17 The Israelites did as they were told; some gathered much, some little. 18 And when they measured it by the omer, he who gathered much did not have too much, and he who gathered little did not have too little. Each one gathered as much as he needed.
19 Then Moses said to them, “No one is to keep any of it until morning.”
20 However, some of them paid no attention to Moses; they kept part of it until morning, but it was full of maggots and began to smell. So Moses was angry with them.
The issue of gathering manna is not just a matter of obedience. God made the manna so that it would not keep. Gathering too much and storing it for later was useless and actually harmful. Many times God’s instructions are meant to keep us from harm, but instead we look at them as an attempt to ruin our joy and take away our fun.
Harvesting the manna daily is an issue of trust. Each day the Israelites needed to trust that God would provide for them for the next day. If a person gathered more than the needed on any day, with the expectation of saving it for later, it was like saying that they didn’t trust God to provide for them the following day.
In the Lord’s Prayer we are taught to ask for our daily bread. In the time of Christ, the situation was a little different but the application was the same. A worker would be paid daily and on their way home they’d stop and buy what they needed for supper that night. If a person didn’t work one day, it was unlikely that they would have enough to feed themselves or their family that day. They needed to trust that they’d be able to work in order to provide for their families.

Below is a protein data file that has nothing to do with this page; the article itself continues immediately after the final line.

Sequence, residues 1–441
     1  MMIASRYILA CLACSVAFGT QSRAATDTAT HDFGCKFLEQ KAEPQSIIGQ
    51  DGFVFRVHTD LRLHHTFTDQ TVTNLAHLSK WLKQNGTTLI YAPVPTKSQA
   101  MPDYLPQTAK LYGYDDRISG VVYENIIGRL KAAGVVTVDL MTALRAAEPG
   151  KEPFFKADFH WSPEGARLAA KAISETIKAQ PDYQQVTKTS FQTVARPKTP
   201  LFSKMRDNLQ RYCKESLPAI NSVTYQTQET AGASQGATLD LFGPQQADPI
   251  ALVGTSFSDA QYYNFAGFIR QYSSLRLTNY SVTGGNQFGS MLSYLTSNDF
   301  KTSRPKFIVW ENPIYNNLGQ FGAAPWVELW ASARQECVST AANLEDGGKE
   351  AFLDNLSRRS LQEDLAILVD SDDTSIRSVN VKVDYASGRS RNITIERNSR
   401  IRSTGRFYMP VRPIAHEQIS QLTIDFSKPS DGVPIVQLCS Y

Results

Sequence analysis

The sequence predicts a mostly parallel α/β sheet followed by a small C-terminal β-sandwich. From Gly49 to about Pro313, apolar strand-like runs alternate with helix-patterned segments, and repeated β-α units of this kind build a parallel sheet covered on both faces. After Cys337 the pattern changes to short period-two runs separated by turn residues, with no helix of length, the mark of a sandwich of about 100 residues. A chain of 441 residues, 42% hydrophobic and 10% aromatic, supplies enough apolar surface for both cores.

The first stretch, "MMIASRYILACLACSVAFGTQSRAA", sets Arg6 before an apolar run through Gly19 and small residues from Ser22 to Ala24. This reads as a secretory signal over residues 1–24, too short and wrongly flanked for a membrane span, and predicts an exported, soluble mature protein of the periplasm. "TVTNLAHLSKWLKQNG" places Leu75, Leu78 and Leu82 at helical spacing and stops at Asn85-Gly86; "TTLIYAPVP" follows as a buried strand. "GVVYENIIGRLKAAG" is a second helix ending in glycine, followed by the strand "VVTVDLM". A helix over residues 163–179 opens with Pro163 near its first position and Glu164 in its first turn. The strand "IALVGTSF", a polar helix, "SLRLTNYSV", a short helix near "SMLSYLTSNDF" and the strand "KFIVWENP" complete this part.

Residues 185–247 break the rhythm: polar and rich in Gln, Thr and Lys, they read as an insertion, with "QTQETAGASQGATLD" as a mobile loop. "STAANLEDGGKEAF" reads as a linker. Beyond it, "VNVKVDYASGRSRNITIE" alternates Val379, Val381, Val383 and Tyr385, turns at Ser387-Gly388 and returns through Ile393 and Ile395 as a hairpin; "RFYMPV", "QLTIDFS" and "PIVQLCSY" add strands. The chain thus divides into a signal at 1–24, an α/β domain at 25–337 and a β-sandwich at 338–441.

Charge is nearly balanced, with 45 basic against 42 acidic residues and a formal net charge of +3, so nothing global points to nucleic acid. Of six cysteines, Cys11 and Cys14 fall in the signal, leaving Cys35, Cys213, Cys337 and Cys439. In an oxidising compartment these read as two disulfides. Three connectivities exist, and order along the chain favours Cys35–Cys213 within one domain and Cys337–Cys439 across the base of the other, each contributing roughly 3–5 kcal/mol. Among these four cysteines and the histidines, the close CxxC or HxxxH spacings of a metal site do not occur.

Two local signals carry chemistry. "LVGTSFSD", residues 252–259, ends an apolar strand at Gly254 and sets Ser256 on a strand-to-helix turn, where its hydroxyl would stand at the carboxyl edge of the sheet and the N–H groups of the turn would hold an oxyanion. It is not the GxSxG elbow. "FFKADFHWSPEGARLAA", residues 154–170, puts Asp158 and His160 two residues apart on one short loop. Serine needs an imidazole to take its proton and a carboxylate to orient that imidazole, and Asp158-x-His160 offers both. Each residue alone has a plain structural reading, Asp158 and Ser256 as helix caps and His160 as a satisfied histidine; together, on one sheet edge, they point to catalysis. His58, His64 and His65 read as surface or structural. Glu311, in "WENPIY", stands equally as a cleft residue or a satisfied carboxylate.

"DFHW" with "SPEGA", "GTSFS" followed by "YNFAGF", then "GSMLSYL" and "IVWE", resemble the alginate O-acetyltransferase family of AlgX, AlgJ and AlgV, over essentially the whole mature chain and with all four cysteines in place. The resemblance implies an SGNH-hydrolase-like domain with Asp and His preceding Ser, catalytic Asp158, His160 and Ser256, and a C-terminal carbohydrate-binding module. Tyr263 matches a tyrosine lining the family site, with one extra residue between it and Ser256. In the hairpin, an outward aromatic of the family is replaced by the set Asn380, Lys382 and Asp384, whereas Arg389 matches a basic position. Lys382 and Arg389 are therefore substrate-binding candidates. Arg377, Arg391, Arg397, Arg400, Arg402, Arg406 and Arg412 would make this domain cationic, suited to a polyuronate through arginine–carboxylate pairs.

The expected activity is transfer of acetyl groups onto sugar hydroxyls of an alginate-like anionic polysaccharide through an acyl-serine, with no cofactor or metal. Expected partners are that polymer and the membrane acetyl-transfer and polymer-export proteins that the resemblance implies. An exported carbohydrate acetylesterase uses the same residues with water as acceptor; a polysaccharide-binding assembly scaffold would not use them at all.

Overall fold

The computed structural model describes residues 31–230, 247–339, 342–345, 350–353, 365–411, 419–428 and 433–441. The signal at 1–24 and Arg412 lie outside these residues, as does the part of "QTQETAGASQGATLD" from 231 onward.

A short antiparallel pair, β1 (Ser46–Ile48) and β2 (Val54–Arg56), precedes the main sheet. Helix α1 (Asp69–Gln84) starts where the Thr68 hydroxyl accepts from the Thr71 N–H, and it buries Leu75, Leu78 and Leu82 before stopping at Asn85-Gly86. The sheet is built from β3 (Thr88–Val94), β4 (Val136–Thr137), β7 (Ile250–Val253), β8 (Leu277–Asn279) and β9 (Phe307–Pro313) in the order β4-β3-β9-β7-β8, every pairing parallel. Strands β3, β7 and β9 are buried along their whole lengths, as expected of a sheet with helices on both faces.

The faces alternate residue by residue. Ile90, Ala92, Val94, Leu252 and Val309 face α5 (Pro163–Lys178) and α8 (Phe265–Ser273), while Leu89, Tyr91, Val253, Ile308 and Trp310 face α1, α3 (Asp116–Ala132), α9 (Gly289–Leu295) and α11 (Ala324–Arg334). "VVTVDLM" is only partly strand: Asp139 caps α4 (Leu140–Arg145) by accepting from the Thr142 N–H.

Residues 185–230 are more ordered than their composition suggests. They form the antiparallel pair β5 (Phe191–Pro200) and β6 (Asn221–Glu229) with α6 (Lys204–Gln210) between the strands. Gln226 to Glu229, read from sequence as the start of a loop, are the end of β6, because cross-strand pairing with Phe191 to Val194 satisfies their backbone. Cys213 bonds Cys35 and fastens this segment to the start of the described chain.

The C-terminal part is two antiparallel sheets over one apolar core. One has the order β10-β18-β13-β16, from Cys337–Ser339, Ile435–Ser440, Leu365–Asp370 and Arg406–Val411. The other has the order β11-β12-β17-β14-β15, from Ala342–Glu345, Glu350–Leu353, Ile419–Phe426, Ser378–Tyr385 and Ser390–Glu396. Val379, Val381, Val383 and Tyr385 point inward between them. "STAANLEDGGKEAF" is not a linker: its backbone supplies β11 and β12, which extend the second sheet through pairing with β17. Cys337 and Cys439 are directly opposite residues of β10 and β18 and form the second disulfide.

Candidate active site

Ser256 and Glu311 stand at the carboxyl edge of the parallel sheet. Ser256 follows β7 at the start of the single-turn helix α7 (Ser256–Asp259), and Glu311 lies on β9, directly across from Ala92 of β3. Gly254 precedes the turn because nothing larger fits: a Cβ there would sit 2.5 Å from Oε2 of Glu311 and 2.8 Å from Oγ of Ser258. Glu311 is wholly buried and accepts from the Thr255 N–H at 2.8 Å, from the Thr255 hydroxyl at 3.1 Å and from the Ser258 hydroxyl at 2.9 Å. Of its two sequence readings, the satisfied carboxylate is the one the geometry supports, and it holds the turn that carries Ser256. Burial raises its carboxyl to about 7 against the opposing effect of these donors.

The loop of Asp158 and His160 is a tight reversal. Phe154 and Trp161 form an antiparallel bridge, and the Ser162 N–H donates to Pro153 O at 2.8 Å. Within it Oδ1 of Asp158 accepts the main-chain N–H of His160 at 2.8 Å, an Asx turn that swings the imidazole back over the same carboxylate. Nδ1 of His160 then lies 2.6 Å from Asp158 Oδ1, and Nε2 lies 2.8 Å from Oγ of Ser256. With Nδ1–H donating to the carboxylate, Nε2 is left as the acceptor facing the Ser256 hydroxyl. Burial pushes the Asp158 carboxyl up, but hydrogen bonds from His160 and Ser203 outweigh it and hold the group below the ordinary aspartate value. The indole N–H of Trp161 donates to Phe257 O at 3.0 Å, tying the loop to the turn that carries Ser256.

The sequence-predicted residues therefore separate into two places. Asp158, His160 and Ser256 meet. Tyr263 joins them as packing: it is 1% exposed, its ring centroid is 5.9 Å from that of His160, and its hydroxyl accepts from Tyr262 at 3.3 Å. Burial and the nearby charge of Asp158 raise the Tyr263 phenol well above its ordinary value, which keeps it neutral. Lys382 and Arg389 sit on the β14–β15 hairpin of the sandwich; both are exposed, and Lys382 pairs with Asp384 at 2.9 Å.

Today we view things differently. Some people live paycheck to paycheck and that is viewed as a bad thing. We rely on insurance and our savings to help us through tough times. Most financial advisors will tell you to have enough money to live off of for several months in case the worst happens and you are unable to work for some reason.
I’m not going to say that it’s a bad thing to have savings or insurance. These are good things and perhaps even necessities as insurance is required on your car. But when we are depending on our insurance to cover our expenses or we rely on the savings that we have built up to carry us through times, it does something to remove our dependence upon God. I’m not saying that savings and trust in God are incompatible, just that most people don’t think about their need for God as long as they know they have enough to pay their bills for several months.